Every year, the Goethe Medalhonors personalities from around the world who have made a special contribution to international cultural exchange or the teaching of the German language.
This year, the award goes to Mohamed Abla, a multimedia artist from Egypt; Tali Nates, a historian from South Africa; and the artists Nimi Ravindran and Shiva Pathak, from India.
Focus on equality, diversity, sexuality
The Sandbox Collective sees itself as a free platform for artists and students from all cultural fields, including visual arts, literature, music and design. It was founded in 2013 by the author and theater director Nimi Ravindran and the actress and cultural manager Shiva Pathak, who work with artists and arts organizations worldwide.
The collective's focus is on gender justice, equality and sexuality. They curate, produce and organize performances and festivals.
In cooperation with the Goethe-Institut Bangalore, the collective creates free spaces for art, activism, debate and dialogue, with the goal of creating culturally vibrant communities.
Art scene's social responsibility
Mohamed Abla is convinced that artists have a social responsibility and that their lives cannot be separated from their work.
For decades, the versatile multimedia artist has been committed to understanding and diversity, especially in the Egyptian cultural scene, and has been an advocate for freedom of expression.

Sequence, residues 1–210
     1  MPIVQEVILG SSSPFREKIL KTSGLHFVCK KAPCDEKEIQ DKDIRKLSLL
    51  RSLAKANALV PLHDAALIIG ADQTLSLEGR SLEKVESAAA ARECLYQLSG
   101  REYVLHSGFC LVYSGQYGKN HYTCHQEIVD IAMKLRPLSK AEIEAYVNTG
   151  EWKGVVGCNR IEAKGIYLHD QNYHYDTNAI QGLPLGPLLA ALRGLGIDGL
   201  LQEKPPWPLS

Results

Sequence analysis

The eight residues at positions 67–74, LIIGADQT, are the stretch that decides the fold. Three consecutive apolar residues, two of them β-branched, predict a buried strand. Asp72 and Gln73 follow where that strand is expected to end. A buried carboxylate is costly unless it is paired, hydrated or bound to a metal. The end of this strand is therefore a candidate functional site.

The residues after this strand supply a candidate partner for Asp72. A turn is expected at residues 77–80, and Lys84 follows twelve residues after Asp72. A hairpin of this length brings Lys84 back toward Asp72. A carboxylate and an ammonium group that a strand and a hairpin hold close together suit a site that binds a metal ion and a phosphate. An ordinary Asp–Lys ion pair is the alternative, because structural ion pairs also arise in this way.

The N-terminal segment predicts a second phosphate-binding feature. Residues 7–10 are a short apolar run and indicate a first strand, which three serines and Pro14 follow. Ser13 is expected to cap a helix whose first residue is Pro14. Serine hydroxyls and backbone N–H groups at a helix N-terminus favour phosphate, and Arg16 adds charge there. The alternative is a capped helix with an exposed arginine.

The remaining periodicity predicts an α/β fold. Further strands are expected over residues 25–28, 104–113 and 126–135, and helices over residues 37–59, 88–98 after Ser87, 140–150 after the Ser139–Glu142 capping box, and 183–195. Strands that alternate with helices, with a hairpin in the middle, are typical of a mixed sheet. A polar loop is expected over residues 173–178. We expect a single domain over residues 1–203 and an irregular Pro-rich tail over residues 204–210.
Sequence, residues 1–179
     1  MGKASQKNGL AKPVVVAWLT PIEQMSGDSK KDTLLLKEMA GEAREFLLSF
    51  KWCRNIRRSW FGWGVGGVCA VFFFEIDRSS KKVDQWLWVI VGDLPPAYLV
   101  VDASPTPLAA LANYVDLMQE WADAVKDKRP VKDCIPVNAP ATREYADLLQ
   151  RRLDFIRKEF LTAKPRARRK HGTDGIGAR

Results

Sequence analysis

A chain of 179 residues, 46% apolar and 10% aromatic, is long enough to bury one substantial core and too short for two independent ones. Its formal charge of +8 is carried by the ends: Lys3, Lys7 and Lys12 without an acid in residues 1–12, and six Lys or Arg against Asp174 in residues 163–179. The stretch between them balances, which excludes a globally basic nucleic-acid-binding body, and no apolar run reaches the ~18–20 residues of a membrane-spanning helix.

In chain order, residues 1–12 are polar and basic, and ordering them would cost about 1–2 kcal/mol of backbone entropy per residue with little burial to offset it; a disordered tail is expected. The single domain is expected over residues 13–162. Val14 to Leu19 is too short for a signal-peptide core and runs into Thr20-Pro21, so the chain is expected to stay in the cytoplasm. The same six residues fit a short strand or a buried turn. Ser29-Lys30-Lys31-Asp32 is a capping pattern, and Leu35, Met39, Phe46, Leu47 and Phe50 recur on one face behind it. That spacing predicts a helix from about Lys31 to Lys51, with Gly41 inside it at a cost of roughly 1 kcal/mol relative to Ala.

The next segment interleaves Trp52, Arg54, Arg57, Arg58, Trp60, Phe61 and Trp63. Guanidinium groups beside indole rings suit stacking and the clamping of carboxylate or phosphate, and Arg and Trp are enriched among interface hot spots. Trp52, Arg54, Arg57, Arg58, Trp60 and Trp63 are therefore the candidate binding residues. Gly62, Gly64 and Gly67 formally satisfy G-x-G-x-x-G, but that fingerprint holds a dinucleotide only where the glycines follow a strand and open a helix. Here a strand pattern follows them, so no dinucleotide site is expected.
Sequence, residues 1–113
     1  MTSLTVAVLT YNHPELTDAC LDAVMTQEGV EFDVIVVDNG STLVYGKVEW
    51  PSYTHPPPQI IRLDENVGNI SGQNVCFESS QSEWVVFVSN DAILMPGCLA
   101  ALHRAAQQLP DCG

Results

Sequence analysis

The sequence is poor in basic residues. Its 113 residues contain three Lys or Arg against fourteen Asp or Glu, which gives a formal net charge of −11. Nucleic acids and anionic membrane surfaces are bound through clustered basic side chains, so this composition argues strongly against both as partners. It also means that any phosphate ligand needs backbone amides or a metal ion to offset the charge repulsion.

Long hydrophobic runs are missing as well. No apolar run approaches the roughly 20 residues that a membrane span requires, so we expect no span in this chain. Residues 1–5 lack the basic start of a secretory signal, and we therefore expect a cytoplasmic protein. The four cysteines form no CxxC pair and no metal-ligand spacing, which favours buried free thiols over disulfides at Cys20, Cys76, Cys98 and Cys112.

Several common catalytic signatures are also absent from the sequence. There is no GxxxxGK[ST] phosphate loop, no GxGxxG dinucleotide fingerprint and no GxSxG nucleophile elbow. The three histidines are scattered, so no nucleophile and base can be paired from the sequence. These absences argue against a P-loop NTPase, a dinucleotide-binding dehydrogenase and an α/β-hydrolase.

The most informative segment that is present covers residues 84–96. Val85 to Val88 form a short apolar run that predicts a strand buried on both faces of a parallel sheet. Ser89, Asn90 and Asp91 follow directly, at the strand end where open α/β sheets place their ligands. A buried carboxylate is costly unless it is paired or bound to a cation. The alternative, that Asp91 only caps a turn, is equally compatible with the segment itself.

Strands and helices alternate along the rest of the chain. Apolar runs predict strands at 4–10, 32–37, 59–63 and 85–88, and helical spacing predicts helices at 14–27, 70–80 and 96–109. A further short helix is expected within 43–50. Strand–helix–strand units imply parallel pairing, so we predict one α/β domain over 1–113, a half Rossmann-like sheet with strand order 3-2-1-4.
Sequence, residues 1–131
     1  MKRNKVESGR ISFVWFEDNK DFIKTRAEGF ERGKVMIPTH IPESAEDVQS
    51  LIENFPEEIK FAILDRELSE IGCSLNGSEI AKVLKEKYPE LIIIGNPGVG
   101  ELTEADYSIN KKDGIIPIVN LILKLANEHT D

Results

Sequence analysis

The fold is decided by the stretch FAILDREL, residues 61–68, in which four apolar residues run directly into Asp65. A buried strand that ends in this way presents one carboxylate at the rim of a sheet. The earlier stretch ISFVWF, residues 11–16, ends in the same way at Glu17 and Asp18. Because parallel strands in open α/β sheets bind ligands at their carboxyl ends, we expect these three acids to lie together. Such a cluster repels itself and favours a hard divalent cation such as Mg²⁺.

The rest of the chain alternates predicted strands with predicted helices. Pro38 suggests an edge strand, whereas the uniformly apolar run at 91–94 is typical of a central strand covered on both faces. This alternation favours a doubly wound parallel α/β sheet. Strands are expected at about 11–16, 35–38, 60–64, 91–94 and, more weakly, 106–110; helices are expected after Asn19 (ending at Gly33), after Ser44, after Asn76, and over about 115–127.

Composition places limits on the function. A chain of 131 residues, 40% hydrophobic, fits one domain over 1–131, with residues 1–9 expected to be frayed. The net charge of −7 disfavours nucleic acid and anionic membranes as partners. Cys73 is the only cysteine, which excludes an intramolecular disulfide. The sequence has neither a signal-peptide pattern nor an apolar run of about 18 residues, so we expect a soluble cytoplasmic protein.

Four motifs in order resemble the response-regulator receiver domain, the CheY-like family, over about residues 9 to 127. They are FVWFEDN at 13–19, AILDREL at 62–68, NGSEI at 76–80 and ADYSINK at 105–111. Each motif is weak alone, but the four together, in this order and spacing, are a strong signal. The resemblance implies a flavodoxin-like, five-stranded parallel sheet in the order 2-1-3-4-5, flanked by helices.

The 69-year-old is one of Egypt's few internationally known artists and manages to build cultural bridges through the medium of art.
Beyond his own award-winning work, in 2009 he opened a caricature museum in Cairo, the first of its kind in the Middle East and North Africa.
After the 2011 revolution, Abla was also elected to the Committee of 50 that wrote Egypt's new constitution.
A place of lessons for humanity
Tali Nates was born in Israel in 1961, the child of Holocaust survivors rescued by Oskar Schindler. She has been living in South Africa since 1985.
In 2008, she founded the Johannesburg Holocaust & Genocide Centre, which explores the history of genocide using case studies from the Holocaust and the 1994 genocide in Rwanda.
Tali Nates contrasts memories of the Holocaust with those of the genocide in Rwanda, examining the roots of both events and asking what we can learn from them with regard to current wars and human rights issues.
For artistic freedom
"In many parts of the world, people working in the cultural field and active in civil society are under massive pressure; this is currently demonstrated in a particularly shocking way by Russia's brutal war of aggression on Ukraine," Goethe-Institut President Carola Lentz said, adding that the Goethe-Instituts around the world "stand up for human rights, freedom of expression, cultural diversity and understanding."
The Goethe Medal is Germany's most important foreign cultural policy award. The Goethe-Instituts abroad nominate the candidates based on their significance in cultural politics and their outstanding artistic work; the prize-winners are selected by a jury of experts.
The Goethe Medal is awarded at a ceremony in Weimar on August 28, the birthday of Johann Wolfgang von Goethe.
The award winners are set to present their work at the Kunstfest Weimar art festival from August 26 to 28.
This article was originally written in German.